The dual stereo speakers are still present, and HTC has moved the proximity/light sensor to the left side of the phone, and pushed the front facing camera to the right to equalize the width of the two speaker grilles. The display grows in size compared to the original mini (4.5" vs 4.3"), although it's still a 720p LCD panel. The larger display drove a larger chassis, which also enabled the use of a slightly larger battery (7.98Wh vs 6.84Wh). With very low power hardware under the hood, the One mini 2 should be pretty decent when it comes to battery life.
This phone looks and feels very much like a merger of the One 2013/M7 and the M8, even in size. The top-mounted 3.5mm jack, power button on the top-left, and single LED flash to the left of the camera are all reminiscent of the M7. While the One mini 2 is still significantly smaller than the One (M7), it is much closer than one would expect, and their sizes are almost equivalent. If the One mini was "just right" for you, the One mini 2 is likely to be at the edge of comfort or slightly too large. For most people, I suspect that this will be of a much more comfortable size than the One (M8), although the display placement still feels too tall due to the on screen buttons, which shift the keyboard further up than one might expect.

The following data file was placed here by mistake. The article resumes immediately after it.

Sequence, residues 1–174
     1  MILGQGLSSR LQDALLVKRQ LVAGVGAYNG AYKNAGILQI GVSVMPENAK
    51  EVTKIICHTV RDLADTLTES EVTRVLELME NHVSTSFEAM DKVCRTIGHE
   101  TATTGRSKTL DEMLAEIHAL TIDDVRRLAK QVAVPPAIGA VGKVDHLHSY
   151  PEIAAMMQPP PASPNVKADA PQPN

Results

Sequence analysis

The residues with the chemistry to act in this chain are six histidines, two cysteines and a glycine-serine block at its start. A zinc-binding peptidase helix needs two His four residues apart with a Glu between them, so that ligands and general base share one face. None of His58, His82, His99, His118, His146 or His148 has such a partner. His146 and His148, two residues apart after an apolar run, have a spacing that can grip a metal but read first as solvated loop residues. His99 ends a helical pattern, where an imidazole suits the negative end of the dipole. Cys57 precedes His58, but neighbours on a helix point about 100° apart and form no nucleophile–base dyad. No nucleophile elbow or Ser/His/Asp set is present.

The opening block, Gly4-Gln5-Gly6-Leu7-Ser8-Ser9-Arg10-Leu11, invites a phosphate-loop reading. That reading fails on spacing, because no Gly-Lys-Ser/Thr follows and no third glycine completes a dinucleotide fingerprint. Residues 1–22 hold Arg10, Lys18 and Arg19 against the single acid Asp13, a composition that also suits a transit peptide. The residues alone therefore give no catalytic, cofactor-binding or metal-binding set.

The addition of a microSD slot and nano SIM support are borrowed from the M8
The One mini 2 is definitely an upgrade from the original. Just like with the One mini, expectations have to be adjusted to fit the lower price bracket that this phone will slot in. The One mini 2 isn't just a smaller version of the M8, but like its predecessor it is also a lower specced device.
Unlike its predecessor however, the One mini 2 launches in a world where the Moto G LTE will soon exist. With similar hardware underpinnings but priced at $219 compared to the One mini 2's $360+ expected price point, HTC is betting on its material choice and design to move units. It's a conscious bet that look and feel matter more than specs at this price point. There's definitely room for HTC to price the One mini 2 above the Moto G LTE, but it's difficult to judge just how much higher HTC can go.
The One mini 2 will be available in Europe and Asia beginning in June. There's no US launch planned at this point.